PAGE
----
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The Berkeley Beacon

Emerson College’s only independent, student-run newspaper since 1947

The Berkeley Beacon

Emerson College’s only independent, student-run newspaper since 1947

The Berkeley Beacon

Sampha’s ‘Lahai’ tour transcends Roadrunner

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Nick Peace

British alternative R&B singer-producer-instrumentalist Sampha graced Boston with his presence on April 2 at Roadrunner Boston and serenaded the crowd with a selection of songs from his albums “Process” and “Lahai.”

Six years after releasing his critically acclaimed debut album “Process,” Sampha gave us a thematic and tonal shift with the release of  “Lahai.” “Process” explores themes of loss, whereas “Lahai” brings the listener through a journey of healing, optimism, and human connection influenced by fatherhood.

Sitting centerstage at his keyboard, surrounded by his band with a plethora of percussive instruments, Sampha’s stage presence was nothing short of exciting. During and between songs, he would get up and start dancing.

A key difference between Sampha’s performances on the “Lahai” tour and when he performed around the release of his debut album “Process” is that he is accompanied by a full-piece band rather than performing solo. While live performances on the tour from that time included other musicians, the “Lahai” tour features a four-person band, making Sampha’s songs more brimful with sound than ever before. 

“Lahai” is experimental and piano-heavy. This made for a unique concert experience—because Sampha accompanied his band, the ensemble could bring their experimentation to life on the stage. The concert intertwined both albums. The songs from “Process” were reimagined with different instrumentals, a quicker pace, or new verses.

Sampha’s performance at Roadrunner

The band consists of Blake Cascoe (drums), Ruthven (percussion), Rosetta (bass), and Elsas (keys/percussion). While this collective was required to replicate the complex and diverse sounds of “Lahai” it also made Sampha’s older tracks reach a whole new musical and emotional depth.     

Sampha’s performance created a unique atmosphere. Even though Roadrunner is a standing-room-only venue, there was minimal dancing. Fans just stood there, took it all in, and admired Sampha’s mesmerizing vocals. This isn’t to say that the crowd wasn’t reactive, however. The crowd cheered and clapped after each song, showing they were hungry for more.

Arguably, the most electric and our favorite performance of the night was “Blood On Me,” which was also featured on “Process.” Despite its heavy subject matter, which delves into anxiety caused by guilt, Sampha’s latest onstage rendition of the track was energetic, synth-heavy, and fast-paced—somewhat incomparable to the original. “Blood On Me” was accompanied by flashing strobe lights and aggressive instrumentals, which brought liveliness to the crowd.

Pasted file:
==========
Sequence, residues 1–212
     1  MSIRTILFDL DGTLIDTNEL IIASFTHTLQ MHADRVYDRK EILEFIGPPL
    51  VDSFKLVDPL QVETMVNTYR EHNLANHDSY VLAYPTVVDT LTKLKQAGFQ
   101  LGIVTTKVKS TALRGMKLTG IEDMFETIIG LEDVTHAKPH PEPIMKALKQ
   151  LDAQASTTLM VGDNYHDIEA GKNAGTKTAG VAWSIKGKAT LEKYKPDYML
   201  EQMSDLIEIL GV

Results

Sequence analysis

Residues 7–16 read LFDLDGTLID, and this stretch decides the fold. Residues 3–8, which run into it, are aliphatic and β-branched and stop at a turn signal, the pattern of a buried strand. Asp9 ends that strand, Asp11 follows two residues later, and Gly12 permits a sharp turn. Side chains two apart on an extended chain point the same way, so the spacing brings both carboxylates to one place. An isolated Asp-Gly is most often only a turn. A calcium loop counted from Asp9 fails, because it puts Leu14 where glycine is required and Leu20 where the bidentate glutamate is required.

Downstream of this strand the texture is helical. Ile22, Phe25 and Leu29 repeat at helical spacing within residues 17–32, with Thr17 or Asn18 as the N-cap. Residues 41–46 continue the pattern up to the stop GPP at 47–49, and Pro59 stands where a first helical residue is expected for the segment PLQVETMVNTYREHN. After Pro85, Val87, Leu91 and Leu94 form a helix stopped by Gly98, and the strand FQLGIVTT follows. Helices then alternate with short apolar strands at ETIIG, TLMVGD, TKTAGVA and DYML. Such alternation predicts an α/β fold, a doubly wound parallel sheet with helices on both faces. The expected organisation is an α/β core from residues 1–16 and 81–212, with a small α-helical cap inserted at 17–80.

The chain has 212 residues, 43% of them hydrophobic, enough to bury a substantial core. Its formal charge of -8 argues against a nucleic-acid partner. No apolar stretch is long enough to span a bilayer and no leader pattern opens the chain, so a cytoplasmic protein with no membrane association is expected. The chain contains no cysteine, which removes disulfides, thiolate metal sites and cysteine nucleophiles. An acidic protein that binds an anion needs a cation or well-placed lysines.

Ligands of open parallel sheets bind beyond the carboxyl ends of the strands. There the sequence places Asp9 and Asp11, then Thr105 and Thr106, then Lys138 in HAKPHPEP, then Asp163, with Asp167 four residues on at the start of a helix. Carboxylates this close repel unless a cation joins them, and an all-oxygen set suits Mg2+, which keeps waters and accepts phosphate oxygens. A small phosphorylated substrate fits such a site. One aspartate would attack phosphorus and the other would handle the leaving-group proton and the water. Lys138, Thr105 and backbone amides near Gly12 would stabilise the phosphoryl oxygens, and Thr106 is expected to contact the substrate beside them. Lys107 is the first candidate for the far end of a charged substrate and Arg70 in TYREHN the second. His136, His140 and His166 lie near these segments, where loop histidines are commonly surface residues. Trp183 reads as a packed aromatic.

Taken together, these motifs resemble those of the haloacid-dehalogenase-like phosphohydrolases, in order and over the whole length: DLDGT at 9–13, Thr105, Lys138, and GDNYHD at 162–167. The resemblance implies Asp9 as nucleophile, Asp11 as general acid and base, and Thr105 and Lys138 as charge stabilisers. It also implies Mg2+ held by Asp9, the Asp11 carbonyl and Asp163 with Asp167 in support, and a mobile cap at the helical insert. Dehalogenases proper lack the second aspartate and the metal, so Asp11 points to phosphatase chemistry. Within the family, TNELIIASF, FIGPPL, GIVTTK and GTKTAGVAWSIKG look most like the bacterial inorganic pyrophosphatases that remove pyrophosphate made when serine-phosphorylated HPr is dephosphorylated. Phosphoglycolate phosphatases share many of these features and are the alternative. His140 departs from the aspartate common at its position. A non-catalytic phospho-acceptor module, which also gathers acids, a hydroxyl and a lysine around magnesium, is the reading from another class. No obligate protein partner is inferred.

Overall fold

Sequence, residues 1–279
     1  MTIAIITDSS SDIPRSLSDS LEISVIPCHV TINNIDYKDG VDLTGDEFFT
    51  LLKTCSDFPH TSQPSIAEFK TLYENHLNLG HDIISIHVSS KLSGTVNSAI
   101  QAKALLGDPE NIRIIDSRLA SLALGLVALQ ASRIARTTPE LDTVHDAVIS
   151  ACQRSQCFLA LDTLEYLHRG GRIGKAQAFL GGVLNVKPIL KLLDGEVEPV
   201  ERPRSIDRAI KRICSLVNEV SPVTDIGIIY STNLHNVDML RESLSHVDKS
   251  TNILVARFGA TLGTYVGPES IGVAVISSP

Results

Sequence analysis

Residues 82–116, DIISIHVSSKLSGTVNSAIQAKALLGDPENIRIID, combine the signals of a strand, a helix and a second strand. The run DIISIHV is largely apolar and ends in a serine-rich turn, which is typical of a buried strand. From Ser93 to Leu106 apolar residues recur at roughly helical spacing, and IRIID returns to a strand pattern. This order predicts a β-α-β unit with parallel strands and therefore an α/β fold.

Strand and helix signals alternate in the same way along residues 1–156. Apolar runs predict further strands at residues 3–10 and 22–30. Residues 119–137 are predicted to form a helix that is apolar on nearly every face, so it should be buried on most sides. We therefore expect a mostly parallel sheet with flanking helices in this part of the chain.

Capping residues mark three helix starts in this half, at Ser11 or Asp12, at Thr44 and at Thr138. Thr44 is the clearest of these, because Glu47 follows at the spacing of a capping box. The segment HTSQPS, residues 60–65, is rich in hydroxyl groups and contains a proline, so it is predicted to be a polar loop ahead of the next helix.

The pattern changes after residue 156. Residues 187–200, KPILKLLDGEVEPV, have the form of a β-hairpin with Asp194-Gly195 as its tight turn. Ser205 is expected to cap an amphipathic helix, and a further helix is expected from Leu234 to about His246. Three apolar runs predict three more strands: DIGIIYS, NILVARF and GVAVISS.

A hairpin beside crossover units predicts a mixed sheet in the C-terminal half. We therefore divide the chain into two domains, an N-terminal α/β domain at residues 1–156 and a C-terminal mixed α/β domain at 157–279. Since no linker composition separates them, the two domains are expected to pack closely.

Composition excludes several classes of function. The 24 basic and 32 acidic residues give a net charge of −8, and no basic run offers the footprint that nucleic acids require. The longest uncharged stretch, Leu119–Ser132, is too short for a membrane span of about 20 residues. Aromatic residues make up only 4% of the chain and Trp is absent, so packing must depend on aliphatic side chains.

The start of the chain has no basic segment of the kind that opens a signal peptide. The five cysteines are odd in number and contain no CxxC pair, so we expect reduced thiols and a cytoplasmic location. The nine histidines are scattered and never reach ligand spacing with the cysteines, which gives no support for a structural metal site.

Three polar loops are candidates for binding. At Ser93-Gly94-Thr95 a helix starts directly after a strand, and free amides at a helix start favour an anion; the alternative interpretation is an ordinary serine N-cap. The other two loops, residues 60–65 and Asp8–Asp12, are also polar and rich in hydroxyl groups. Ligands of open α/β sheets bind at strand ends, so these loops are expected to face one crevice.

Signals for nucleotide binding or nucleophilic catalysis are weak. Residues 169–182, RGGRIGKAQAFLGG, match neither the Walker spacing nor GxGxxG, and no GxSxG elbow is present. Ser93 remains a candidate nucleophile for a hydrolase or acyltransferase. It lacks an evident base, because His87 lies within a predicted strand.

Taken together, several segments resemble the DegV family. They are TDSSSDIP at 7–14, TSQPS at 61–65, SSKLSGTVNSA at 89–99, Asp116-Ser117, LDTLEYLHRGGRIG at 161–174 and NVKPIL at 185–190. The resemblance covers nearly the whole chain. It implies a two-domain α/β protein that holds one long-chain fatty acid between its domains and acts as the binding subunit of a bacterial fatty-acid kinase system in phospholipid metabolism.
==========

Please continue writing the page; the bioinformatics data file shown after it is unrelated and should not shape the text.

Of course, the vibe shifted from song to song. Other performances like “Too Much” leading into “(No One Knows Me) Like the Piano,” were much slower and melancholic, allowing the listener to reflect on Sampha’s stream-of-consciousness lyrics.

Aside from his solo endeavors, Sampha is widely known for his collaborations with hip-hop artists. Towards the show’s end, he gave us some predictable fanservice by mashing up his features from Kendrick Lamar’s “Father Time” and Kanye West’s “Saint Pablo.”

This mashup was enhanced by the band’s creative playing as a group, making the famous features turn into entirely new renditions of the songs they originate from. 

Despite Sampha playing his career highs back-to-back, the crowd at Roadrunner had a lackluster reaction to the creative spin on some of the most celebrated features in hip-hop. 

This could be due to Sampha’s fanbase being split between fans of his widely popular features puzzled by the instrumental-heavy versions of the songs they came to see. In contrast, the fans of Sampha’s in-depth instrumental direction of “Lahai” stayed quiet to soak in this new approach to classic tracks. 

Regardless of which side Roadrunner’s crowd fell into, the approach to these songs was a beautiful blend of Sampha’s angelic vocal performance, echoing his most memorable lyrics, and his band’s intricate and seamless playing. 

Sampha’s set brought an imaginative and unique take on his albums and features. His performance perfectly encapsulated his experimental style and evolution as a musician.

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About the Contributors
Rumsha Siddiqui
Rumsha Siddiqui, Managing Editor
Rumsha Siddiqui (she/her) is a journalism major from upstate New York. She currently serves as a managing editor for the opinion and living/arts sections and previously served as sports editor. Rumsha is passionate about writing about the Boston Celtics and offering commentary and criticism on film, television, and music.
Sam Shipman
Sam Shipman, Assistant News Editor
Sam Shipman (He/Him) is a freshman journalism major from Natick, Massachusetts. He currently is a Staff Writer for the Berkeley Beacon. When he's not reporting he can be found listening to music or spending time with friends.

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